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In the world of food, brunch is like a limited-access daytime seductress – coming out only on weekends but in tempting and lavish excess. Brunch is more verb than noun, and brunch is as much about the time it takes up as it is about the food itself. Sunday is brunch's best day – it's a lazy day, a day of rest, a day for letting go and frittering away half the afternoon around a table with friends. Brunch is best when it starts out as a late breakfast and creeps into the lunch hour, as gossip of the week is passed around. Beverages are an integral part of the meal, and they are usually of the high-maintenance variety: Lattes replace standard coffee, fussy Bloody Marys are filled with all manner of pickled vegetables and fruity Mimosas sport nips of candy. Brunch fare should be neither distinctly breakfast nor lunch standards but a seamless hybrid of both, with items such as steak and eggs – a juicy, red slab of meat set alongside prim morning eggs.

Food historians have traced brunch to Britain in the late 1800s. The word 'brunch' was first introduced by journalist Guy Beringer in Hunter's Weekly, and it probably originated as a meal that took place after the wealthy came back from morning hunting excursions during weekend estate parties. It didn't take hold in America until the 1930s and only with the upper class, who could enjoy such a frivolous meal. Brunching is now part of our weekend psyche, and a variety of restaurants offer this weekend repast. The following are my critiques from some recent indulgences.

Most humdrum brunch

Logan's Bistro
802 Virginia Drive
(407) 898-5688

This is my least favorite and the least festive of the brunches I sampled. It's too quiet and cramped to really let loose with friends on a Sunday morning. And that's the problem – Logan's offers brunch only on Saturday. If you happen to be in the neighborhood and are in the mood for a decent-tasting quick bite, it's worth a pop inside. Just don't expect to linger for hours in jovial company. The menu is not creative though it does change often, offering a cut-and-dried mix of breakfast and lunch dishes. There are always a few egg concoctions, a sandwich or two, quiche and soup. I love Logan's soups, so that's always a good choice. I've also had great homemade quiches, including fluffy broccoli and cheddar in a rich, buttery crust ($8.50). Their version of the breakfast sandwich "sunrise" ($8) was pleasing, with a heavy helping of scrambled eggs, cheese, spinach and ham on a croissant. Serious coffee drinkers take note: Logan's makes a sorry espresso. My husband's iced latte came out the color of cream of mushroom soup. It took two extra shots before he could even taste the espresso drowning in the huge glass of milk.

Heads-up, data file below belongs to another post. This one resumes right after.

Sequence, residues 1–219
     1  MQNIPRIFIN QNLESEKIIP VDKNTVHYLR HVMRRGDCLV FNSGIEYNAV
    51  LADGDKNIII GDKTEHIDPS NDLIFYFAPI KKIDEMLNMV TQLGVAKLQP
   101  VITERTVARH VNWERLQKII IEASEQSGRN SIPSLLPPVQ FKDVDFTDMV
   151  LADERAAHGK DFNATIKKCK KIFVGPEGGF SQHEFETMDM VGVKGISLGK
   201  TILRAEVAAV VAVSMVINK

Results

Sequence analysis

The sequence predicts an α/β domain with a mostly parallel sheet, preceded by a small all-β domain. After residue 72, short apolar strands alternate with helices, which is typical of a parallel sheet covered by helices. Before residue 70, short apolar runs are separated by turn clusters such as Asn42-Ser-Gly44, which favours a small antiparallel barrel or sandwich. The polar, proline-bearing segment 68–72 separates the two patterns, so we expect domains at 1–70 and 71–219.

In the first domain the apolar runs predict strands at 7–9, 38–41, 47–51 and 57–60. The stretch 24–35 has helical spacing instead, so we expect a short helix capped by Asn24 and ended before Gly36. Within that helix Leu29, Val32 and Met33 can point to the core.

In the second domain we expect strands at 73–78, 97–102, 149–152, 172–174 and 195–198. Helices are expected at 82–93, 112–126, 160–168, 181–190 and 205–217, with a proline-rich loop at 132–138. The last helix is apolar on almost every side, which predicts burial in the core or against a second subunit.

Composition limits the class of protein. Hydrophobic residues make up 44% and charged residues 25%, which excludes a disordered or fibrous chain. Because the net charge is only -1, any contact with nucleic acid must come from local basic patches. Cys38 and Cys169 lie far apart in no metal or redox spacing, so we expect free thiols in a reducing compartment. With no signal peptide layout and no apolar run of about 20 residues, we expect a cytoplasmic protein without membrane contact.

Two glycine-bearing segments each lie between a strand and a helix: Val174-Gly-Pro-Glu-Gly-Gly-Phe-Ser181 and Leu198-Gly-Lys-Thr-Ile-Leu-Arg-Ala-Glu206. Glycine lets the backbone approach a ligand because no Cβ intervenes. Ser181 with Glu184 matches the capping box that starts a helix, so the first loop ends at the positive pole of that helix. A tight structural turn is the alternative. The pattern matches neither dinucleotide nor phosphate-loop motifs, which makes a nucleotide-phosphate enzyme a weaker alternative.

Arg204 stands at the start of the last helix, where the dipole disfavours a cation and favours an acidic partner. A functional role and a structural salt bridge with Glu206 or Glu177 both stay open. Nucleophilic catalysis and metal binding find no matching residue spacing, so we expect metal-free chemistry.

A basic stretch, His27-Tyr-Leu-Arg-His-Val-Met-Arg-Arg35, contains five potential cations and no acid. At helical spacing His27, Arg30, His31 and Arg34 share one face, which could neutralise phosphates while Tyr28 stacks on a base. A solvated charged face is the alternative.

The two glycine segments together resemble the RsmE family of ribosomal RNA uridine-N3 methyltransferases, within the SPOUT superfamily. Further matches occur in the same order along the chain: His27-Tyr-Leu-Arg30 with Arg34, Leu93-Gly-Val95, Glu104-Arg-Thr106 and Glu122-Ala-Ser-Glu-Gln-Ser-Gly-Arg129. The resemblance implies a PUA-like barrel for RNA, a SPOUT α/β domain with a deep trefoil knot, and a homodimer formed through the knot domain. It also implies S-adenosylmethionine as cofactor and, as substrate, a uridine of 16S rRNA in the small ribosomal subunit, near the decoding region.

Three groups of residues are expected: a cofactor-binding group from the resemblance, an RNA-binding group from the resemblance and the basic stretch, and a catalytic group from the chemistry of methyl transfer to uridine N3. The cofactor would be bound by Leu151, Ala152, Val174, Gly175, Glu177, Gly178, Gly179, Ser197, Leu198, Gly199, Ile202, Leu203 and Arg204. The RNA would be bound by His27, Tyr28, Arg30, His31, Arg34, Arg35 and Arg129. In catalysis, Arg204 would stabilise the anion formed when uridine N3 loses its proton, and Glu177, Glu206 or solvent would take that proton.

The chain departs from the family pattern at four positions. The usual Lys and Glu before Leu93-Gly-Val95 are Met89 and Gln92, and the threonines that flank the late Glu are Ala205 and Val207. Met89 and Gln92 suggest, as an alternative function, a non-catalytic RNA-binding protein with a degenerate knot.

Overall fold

A downtown affair

The Boheme
Westin Grand Bohemian
325 S. Orange Ave.
(407) 313-9000

Situated in the swanky Westin Grand Bohemian hotel, this mouthwatering brunch buffet is a powerhouse on the downtown scene. The food stock is set up in the Klimt rotunda, a grand, domed room that is reminiscent of Victorian greenhouse atriums. Amidst the dizzying array of breakfast and lunch treats, diners can grab a plate and chow down on a selection that ranges from fresh oysters at the raw bar to an omelet creation of their own design. I especially enjoyed a heaping plate of applewood-smoked bacon and the Boheme's own distinct version of eggs Benedict. A tab of $39.95 buys the whole array of delectables plus a glass of champagne. Espresso is extra and is passable. The dessert table, located just outside the rotunda, was a disappointment. Creative and delicious, it used to be my favorite part of the brunch here. But over the years the sweets, just an assortment of uninspired petits fours, have become boring and hotel-y.

Most anticipated brunch